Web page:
Addressing Dissipation of Marital Assets in Divorce
For a number of couples, a pending divorce will unfortunately fail to be amicable, and instead end up being complicated, especially if it involves a battle over finances. In some of these cases, dissipation of assets becomes an issue, whereby some people start to engage in excessive spending on extravagances, such as providing large gifts to friends, or taking out loans without their spouse knowing, perhaps in order to deny the other spouse as many assets as possible, or to be able to claim that their financial needs are higher.
While dissipating marital property is illegal under Texas law, you will need to seek assistance from an attorney if you have concerns that your spouse is engaging in excessive spending, or if you have been accused of dissipation of marital assets. This is because, as we discuss below, the definition of dissipation is broad and thus leaves a significant amount of discretion to the courts.
Proving or Defending Against Dissipation
The definition of dissipation involves one spouse using marital property for their own benefit, when the marriage is undergoing an irreconcilable breakdown. This definition is both lacking in detail and arguably overly broad, leaving a significant amount of room for a couple to engage in arguing over what was a legitimate expenditure versus what was questionable. The party alleging dissipation must prove that expenditures made were illegitimate, and the burden then shifts to the other party to prove that they were legitimate.
Due to the broad definition of dissipation, parties will also often disagree about when exactly the marriage started undergoing an irreconcilable breakdown, as dissipation can only occur during this timeframe and, as a result, if, for example, the party defending themselves against a claim of dissipation can prove that the expenditure was made long before the marriage underwent an irreconcilable breakdown, it usually does not count as dissipation. For example, if one spouse engaged in a particular activity regularly for 10 years before the couple filed for divorce, the chances are that a judge won’t find dissipation.
Ultimately, the courts have a substantial amount of discretion in answering these questions, and will look at what exactly occurred in the marriage and when, including to what extent the couple held themselves out as a couple to others, engaged in marital relations, shared a bedroom, took vacations together, etc. to determine whether dissipation occurred.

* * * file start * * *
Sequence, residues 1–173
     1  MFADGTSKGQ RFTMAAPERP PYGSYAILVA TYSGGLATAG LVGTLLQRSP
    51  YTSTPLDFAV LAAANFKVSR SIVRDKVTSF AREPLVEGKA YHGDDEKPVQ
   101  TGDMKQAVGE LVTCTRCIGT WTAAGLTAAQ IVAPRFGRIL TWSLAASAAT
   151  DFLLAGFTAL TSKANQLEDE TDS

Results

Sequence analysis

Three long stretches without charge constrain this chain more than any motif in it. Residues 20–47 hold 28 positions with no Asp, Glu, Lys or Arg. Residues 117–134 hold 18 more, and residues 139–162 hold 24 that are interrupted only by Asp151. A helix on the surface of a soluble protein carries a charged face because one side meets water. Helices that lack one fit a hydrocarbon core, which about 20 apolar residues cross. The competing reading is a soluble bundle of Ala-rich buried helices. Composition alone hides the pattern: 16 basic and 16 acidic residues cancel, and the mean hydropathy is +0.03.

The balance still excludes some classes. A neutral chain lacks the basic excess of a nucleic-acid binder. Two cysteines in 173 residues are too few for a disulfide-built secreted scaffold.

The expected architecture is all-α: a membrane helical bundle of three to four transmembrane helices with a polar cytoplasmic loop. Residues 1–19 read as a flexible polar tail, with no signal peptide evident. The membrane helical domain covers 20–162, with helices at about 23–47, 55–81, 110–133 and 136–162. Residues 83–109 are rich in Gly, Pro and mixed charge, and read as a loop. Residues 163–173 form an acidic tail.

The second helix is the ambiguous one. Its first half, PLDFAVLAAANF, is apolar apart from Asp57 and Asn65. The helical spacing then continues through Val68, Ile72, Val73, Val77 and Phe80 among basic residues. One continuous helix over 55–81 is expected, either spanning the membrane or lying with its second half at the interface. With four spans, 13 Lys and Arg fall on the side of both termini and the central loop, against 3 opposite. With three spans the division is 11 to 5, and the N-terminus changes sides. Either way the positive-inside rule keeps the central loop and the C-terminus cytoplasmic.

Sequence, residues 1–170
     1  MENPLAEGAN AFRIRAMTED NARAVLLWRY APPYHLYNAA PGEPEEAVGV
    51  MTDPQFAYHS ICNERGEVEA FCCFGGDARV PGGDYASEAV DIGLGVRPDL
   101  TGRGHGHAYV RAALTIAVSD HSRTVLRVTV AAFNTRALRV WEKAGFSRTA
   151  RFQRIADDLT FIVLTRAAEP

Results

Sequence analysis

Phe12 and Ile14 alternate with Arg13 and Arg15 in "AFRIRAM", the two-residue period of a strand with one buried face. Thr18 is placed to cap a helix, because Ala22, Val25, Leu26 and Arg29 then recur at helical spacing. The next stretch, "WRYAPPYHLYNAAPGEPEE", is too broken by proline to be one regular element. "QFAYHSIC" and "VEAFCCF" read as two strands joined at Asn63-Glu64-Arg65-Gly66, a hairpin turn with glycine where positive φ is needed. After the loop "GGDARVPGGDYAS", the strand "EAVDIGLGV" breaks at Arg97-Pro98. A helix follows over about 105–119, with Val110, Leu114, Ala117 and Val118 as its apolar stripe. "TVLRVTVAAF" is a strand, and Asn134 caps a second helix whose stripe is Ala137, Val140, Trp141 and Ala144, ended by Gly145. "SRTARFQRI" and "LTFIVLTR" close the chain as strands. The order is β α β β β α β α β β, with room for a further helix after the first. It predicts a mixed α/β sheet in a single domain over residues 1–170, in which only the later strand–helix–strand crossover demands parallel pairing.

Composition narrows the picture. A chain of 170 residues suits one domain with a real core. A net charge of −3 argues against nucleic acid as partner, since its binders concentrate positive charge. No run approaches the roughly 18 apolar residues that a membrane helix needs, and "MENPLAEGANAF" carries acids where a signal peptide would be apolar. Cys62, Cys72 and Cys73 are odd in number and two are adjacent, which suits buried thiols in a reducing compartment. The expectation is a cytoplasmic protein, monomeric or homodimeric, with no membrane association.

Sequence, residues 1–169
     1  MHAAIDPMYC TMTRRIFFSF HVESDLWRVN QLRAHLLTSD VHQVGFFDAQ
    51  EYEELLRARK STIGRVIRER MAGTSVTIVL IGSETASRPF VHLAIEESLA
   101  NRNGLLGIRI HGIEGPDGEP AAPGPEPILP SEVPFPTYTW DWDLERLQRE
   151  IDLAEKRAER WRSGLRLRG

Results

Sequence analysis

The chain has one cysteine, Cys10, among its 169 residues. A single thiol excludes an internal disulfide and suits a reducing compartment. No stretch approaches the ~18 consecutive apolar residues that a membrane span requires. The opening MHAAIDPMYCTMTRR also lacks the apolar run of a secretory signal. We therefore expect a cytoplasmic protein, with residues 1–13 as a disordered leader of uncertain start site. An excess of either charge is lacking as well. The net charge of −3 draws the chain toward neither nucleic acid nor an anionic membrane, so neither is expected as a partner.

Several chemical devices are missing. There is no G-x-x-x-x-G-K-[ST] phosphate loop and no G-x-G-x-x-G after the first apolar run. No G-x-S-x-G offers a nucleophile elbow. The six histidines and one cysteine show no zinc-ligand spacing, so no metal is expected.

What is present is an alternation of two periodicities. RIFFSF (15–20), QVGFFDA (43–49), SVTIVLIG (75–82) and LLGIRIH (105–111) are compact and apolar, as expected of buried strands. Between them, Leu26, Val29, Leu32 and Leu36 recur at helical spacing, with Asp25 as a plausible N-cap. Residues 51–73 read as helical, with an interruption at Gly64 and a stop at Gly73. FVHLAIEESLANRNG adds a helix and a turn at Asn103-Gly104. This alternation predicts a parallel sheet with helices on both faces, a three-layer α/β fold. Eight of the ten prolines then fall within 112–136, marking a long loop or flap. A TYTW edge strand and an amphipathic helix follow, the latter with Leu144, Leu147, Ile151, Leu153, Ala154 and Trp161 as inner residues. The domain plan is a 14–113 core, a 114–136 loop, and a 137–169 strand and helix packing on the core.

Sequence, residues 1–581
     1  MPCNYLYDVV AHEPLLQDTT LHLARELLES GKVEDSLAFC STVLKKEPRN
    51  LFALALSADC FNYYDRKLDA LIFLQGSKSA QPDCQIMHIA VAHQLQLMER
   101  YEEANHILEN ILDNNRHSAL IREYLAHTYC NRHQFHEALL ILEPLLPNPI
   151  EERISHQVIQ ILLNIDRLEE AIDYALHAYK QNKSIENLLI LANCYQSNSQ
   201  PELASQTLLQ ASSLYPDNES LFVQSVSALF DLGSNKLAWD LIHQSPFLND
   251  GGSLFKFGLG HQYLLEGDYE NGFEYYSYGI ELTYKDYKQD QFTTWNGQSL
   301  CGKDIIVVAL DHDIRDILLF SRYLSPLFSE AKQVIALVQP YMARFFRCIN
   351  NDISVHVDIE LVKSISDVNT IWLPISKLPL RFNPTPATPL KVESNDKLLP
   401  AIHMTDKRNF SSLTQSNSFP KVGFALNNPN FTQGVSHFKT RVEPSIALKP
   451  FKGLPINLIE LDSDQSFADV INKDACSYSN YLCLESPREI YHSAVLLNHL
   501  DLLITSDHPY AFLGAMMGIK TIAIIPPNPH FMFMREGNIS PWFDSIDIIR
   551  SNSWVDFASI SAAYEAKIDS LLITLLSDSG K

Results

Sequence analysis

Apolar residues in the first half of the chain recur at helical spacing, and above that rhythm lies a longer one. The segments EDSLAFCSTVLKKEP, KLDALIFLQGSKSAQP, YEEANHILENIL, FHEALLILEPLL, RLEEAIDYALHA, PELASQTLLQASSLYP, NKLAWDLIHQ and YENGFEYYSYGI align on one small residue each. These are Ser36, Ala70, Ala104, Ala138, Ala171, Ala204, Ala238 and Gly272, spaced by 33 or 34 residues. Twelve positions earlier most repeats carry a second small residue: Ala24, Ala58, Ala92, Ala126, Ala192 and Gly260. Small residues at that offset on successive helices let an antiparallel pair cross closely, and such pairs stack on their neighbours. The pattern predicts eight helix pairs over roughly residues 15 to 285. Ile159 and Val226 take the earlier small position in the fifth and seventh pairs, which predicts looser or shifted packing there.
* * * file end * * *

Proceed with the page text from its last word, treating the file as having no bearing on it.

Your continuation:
Filing for A Temporary Restraining Order
Under Texas law, when a couple files for divorce, if one side files a motion to do so, the court can enter a temporary order enjoining the other party from dissipating or transferring property awarded to the filing party after notice and hearing if it necessary for the preservation of the property and protection of the party. In addition, in Texas, a spouse can sue for the protection of their property rights (including both separate and community property) without/before obtaining the divorce. However, it can still be difficult to challenge the financial transactions of the other spouse unless they blatantly engage in purchasing gifts out of the blue, or engaging in transactions that appear to be bereft of any kind of benefit to them, especially if they are wasting community property under their separate control.
Work with The Best in Texas Divorce Law
Divorce can have a significant impact on an individual’s finances for years to come such that you want to ensure that you enlist the assistance of an experienced divorce attorney who has a solid background in litigation and who will negotiate aggressively for your needs, especially if you suspect that dissipation may be involved. The Brownsville family attorneys of Colvin, Saenz, Rodriguez & Kennamer, L.L.P. provide the strong, focused representation that our Texas clients need when they are undergoing divorce. Contact us today to find out more about our services.